The Department has worked closely with the HE sector, including international stakeholders such as the British Council and Universities UK International (UUKi), to increase communications and messaging for international students. Minister Donelan has written to international students directly throughout the pandemic, providing up-to-date guidance and setting-out the support available for students, including access to hardship funds.. Universities UK International have established a sector taskforce and are working on guidance to outline best practice to help providers appropriately support their international students.

Under the current circumstances, the Government is showing flexibility to ensure that international students do not have their immigration status negatively impacted by travel restrictions. More information is available online via:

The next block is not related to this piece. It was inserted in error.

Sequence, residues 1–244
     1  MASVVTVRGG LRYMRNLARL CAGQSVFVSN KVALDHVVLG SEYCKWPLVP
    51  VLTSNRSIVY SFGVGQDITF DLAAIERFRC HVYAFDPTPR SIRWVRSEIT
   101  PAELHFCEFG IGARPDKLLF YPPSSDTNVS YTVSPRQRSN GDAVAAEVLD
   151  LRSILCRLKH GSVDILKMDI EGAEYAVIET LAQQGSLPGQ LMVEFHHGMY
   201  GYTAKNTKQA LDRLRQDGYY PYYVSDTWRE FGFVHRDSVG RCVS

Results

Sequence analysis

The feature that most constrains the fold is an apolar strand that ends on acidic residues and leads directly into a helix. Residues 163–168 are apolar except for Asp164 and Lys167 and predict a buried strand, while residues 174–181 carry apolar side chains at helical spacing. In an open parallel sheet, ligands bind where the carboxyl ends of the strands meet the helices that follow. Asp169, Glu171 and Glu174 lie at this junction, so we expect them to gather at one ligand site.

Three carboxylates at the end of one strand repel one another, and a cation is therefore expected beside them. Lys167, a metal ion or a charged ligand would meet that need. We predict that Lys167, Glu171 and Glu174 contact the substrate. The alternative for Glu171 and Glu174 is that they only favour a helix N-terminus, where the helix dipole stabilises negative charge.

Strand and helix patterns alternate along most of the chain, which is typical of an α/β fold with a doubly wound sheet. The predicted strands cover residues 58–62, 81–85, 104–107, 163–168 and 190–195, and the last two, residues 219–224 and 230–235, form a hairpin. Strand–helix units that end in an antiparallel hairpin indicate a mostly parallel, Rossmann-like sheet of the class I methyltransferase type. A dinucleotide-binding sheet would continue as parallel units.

To reassure students with specific concerns about their eligibility for the Graduate Route, the UK’s new globally competitive post-study work offer, Government has put in place a number of specific concessions as outlined in the Graduate Route Fact Sheet available via the following link: This includes concessions to ensure international students who have engaged in distance learning as a result of COVID-19 remain eligible for the Route.

Government believes these concessions will ensure that talented international students do not have a negative outcome through the immigration system due to a circumstance that was beyond their control.

Department for Education

MPs question Government on lost teaching and rent for university students

On Thursday 15 April, MPs asked the Government about its recent announcement on when university students would be able to return to campus, and whether the Government would provide financial compensation to university students for lost teaching and rent during covid-19.

You can watch the question and the Government's response on Parliament TV:

You can read the question and the Government's response on the Hansard website:

Why was the question asked?